The European Southern Observatory (ESO) has announced its exoplanet-hunting HARPS (High Accuracy Radial velocity Planet Searcher) has discovered 50 new exoplanets, making it the largest amount of exoplanets that has been announced at the one time. Bringing the number of planets discovered outside our solar system to 645, the 50-planet haul includes 16 super-Earths (planets with a mass between one and ten times that of Earth), including one that orbits at the edge of the habitable zone of its star.

Whereas NASA's Kepler spacecraft looks for fluctuations in the brightness of stars to detect planets passing in front of it, HARPS is a high precision echelle spectrograph that observes Doppler shifts in the spectrum of the star around which a planet orbits. In contrast to the majority of planets discovered by the transit method employed by Kepler, which are very distant from us, the planets found by HARPS are around stars that are much closer, making them better targets for many kinds of additional follow-up observations.

HARPS discovered its first super-Earth in the habitable zone, (Gliese 581 d), in 2007. More recently, it was also used to demonstrate that the other candidate super-Earth in the habitable zone around star Gliese 581 (Gliese 581 g) doesn't exist.

In the eight years since HARPS achieved first light, its observations have allowed astronomers to improve the estimate of how likely it is that a star like the Sun is host to low-mass planets as opposed to gaseous giants. By studying the properties of all the HARPS planets discovered so far, the team has found that about 40 percent of stars similar to the Sun have at least one planet lighter than Saturn. Additionally, the majority of exoplanets of Neptune mass or less appear to be in systems with multiple planets.

With upgrades to both hardware and software, the team is increasing the sensitivity of HARPS, to search for rocky planets that could support life. One potential candidate is the newly discovered HD 85512 b, which is estimated to be just 3.6 times the mass of the Earth and is located at the edge of the habitable zone where water may be present in liquid form if conditions are right.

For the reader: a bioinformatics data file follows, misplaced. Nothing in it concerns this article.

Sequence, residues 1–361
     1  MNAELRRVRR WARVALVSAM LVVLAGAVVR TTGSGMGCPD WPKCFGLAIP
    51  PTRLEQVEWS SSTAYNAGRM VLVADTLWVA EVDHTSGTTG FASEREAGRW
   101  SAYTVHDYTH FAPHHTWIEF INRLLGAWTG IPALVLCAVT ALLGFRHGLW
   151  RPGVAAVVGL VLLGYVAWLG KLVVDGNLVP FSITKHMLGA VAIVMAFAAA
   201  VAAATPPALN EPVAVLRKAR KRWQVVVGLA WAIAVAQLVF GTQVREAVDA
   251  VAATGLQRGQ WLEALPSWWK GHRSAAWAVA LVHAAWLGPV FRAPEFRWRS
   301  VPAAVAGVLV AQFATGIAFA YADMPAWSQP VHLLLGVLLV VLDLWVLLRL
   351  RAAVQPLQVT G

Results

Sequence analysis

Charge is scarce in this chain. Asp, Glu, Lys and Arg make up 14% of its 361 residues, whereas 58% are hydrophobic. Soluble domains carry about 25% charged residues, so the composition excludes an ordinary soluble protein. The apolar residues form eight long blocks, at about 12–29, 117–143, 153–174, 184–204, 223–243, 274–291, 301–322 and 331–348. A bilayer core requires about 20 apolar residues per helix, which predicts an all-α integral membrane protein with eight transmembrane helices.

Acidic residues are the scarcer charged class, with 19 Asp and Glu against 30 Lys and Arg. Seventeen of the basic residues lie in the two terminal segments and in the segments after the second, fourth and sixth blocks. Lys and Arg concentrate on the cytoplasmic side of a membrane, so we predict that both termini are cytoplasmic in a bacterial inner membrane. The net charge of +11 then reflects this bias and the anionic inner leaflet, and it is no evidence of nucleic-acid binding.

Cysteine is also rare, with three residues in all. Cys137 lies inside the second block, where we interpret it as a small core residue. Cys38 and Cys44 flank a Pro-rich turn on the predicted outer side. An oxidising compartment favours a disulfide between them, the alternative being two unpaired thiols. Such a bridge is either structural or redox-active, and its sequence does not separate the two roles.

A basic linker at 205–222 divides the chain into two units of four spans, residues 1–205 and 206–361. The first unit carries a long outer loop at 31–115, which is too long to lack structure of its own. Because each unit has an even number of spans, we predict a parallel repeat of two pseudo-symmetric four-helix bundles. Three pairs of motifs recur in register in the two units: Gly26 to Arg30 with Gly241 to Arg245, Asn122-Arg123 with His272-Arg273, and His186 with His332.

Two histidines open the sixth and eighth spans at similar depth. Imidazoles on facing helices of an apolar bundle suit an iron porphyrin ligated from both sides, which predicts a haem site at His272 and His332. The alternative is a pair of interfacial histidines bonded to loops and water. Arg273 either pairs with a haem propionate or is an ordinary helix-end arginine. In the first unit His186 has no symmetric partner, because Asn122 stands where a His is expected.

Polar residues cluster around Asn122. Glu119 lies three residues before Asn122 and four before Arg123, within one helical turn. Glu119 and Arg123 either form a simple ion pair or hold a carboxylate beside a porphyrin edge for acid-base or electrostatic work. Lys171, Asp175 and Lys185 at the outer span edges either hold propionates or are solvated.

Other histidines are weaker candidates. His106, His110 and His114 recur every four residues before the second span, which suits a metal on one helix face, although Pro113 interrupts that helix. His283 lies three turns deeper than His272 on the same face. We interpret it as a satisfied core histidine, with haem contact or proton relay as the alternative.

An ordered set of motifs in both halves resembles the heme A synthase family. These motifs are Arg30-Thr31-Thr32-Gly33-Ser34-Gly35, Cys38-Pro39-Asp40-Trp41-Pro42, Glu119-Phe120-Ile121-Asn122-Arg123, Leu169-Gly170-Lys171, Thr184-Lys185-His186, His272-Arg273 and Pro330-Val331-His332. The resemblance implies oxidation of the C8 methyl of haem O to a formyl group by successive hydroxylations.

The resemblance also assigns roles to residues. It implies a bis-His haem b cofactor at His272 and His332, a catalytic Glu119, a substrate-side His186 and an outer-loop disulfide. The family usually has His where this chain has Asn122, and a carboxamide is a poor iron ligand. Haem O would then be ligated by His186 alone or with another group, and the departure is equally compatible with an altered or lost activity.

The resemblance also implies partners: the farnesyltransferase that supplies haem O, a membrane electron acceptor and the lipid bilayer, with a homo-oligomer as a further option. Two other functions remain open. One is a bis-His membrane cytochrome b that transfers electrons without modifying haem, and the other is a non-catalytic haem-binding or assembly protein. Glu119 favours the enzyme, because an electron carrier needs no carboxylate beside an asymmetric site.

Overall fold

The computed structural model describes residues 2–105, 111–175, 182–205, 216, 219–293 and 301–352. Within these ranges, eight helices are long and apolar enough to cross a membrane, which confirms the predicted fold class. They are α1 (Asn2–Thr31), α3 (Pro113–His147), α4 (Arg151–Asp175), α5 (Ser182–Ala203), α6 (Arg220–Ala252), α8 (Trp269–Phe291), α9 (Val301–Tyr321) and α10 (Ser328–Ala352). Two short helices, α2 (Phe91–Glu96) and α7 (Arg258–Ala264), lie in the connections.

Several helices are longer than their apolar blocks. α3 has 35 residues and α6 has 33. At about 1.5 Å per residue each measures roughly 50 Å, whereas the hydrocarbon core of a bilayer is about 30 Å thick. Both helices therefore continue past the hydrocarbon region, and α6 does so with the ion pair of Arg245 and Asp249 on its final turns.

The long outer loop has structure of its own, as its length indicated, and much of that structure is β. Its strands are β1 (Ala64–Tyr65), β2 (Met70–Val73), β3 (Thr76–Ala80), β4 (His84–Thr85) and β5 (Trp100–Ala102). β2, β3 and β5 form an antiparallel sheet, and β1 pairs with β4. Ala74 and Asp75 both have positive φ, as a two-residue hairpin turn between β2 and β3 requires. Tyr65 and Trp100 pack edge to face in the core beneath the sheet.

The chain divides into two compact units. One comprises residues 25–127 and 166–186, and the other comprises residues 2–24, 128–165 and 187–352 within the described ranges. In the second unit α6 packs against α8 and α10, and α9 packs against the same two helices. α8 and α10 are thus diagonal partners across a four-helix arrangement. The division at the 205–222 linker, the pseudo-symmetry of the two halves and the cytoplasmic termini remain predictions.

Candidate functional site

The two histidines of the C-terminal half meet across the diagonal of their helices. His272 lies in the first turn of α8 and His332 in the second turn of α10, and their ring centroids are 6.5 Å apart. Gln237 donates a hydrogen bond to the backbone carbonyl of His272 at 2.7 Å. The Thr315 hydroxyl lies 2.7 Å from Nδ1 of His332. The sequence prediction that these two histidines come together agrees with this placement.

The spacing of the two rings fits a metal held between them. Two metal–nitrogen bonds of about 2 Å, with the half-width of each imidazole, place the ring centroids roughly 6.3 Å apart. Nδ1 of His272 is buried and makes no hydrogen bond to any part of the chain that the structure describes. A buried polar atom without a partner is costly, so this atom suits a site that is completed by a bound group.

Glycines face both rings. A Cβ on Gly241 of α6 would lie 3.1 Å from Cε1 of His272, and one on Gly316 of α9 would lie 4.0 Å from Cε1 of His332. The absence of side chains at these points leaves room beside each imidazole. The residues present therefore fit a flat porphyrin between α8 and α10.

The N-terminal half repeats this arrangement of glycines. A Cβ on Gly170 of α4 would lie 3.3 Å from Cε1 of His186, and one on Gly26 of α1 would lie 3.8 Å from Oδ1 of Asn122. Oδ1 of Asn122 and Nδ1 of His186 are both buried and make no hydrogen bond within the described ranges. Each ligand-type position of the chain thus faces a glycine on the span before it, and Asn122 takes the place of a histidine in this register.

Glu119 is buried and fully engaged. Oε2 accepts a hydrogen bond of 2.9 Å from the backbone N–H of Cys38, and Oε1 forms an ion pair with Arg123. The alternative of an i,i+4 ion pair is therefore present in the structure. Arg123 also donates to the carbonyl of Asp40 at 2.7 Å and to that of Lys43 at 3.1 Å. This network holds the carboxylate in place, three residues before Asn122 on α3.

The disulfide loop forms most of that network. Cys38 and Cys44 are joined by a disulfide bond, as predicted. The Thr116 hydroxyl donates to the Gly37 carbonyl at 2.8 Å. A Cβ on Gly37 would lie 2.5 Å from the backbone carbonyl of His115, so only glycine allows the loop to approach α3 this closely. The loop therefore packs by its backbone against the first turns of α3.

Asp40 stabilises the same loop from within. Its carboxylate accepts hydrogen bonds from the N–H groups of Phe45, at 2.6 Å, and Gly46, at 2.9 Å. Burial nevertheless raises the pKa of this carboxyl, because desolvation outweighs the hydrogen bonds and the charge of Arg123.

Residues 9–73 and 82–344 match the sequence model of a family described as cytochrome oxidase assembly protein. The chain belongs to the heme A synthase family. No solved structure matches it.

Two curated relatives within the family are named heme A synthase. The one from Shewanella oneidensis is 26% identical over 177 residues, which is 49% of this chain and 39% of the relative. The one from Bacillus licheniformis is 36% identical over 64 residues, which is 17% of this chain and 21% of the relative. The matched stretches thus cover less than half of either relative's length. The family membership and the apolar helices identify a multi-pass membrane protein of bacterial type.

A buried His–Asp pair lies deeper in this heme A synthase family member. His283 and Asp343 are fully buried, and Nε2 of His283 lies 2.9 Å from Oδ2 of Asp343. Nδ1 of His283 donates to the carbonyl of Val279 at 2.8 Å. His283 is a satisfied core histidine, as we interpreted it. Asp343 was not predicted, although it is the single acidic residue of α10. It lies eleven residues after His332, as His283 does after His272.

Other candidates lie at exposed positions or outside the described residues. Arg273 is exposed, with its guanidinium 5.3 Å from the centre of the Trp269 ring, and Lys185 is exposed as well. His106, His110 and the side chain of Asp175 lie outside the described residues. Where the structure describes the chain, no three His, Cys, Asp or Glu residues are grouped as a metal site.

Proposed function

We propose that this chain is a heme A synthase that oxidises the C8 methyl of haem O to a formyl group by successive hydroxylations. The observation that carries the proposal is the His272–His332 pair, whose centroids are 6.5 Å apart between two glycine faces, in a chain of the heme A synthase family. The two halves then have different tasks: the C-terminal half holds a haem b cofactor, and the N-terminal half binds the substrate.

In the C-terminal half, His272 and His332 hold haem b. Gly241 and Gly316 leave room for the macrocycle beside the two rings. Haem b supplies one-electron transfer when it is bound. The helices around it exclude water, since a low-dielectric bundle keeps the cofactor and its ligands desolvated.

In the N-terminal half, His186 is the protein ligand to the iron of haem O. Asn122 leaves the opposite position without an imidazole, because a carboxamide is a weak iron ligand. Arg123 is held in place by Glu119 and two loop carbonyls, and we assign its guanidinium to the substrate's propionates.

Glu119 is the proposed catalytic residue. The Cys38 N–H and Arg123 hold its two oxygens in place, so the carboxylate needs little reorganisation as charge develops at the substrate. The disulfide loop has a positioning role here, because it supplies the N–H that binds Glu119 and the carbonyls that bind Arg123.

"This is the lowest-mass confirmed planet discovered by the radial velocity method that potentially lies in the habitable zone of its star, and the second low-mass planet discovered by HARPS inside the habitable zone," says Lisa Kaltenegger of the Max Planck Institute for Astronomy and Harvard Smithsonian Center for Astrophysics.

The team says that HARPS is now so sensitive that it can detect radial velocity amplitudes of significantly less than 4 km/h (2.5 mph), allowing it to detect planets under two Earth masses. Earth induces a 0.32 km/h (0.2 mph) radial velocity on the Sun.

HARPS is currently installed on ESO's 3.6 m Telescope at La Silla Observatory in Chile but a copy of HARPS is to be installed on the Telescopio Nazionale Galileo in the Canary Islands, to survey stars in the northern sky. Additionally, a new and more powerful planet-finder, called ESPRESSO, (Echelle SPectrograph for Rocky Exoplanet and Stable Spectroscopic Observations), will be installed on ESO's Very Large Telescope in Chile in 2016. It will boast radial velocity precision of 0.35 km/h (0.22 mph) or less, giving it the ability to discover Earth-mass planets in the habitable zone of low-mass stars.

"In the coming ten to twenty years we should have the first list of potentially habitable planets in the Sun's neighborhood. Making such a list is essential before future experiments can search for possible spectroscopic signatures of life in the exoplanet atmospheres," concludes Michel Mayor, who leads the ESO's HARPS team.